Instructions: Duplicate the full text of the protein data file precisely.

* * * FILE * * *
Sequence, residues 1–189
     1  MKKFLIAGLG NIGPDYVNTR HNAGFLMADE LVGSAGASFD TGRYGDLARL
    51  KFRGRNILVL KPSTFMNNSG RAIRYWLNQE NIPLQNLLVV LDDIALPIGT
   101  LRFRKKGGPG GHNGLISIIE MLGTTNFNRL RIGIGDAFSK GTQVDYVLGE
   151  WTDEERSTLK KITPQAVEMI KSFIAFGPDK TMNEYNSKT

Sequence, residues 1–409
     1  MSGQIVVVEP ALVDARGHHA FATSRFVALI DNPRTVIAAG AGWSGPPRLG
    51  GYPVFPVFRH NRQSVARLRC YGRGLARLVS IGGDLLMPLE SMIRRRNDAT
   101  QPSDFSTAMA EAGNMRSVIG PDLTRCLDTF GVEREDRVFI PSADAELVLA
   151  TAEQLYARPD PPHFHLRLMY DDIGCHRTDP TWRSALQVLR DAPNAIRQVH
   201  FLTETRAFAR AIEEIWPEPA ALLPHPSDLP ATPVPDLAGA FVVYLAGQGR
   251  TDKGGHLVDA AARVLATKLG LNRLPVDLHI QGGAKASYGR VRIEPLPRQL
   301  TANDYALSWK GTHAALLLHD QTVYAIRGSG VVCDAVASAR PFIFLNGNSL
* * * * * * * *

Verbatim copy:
Sequence, residues 1–189
     1  MKKFLIAGLG NIGPDYVNTR HNAGFLMADE LVGSAGASFD TGRYGDLARL
    51  KFRGRNILVL KPSTFMNNSG RAIRYWLNQE NIPLQNLLVV LDDIALPIGT
   101  LRFRKKGGPG GHNGLISIIE MLGTTNFNRL RIGIGDAFSK GTQVDYVLGE
   151  WTDEERSTLK KITPQAVEMI KSFIAFGPDK TMNEYNSKT

Sequence, residues 1–409
     1  MSGQIVVVEP ALVDARGHHA FATSRFVALI DNPRTVIAAG AGWSGPPRLG
    51  GYPVFPVFRH NRQSVARLRC YGRGLARLVS IGGDLLMPLE SMIRRRNDAT
   101  QPSDFSTAMA EAGNMRSVIG PDLTRCLDTF GVEREDRVFI PSADAELVLA
   151  TAEQLYARPD PPHFHLRLMY DDIGCHRTDP TWRSALQVLR DAPNAIRQVH
   201  FLTETRAFAR AIEEIWPEPA ALLPHPSDLP ATPVPDLAGA FVVYLAGQGR
   251  TDKGGHLVDA AARVLATKLG LNRLPVDLHI QGGAKASYGR VRIEPLPRQL
   301  TANDYALSWK GTHAALLLHD QTVYAIRGSG VVCDAVASAR PFIFLNGNSL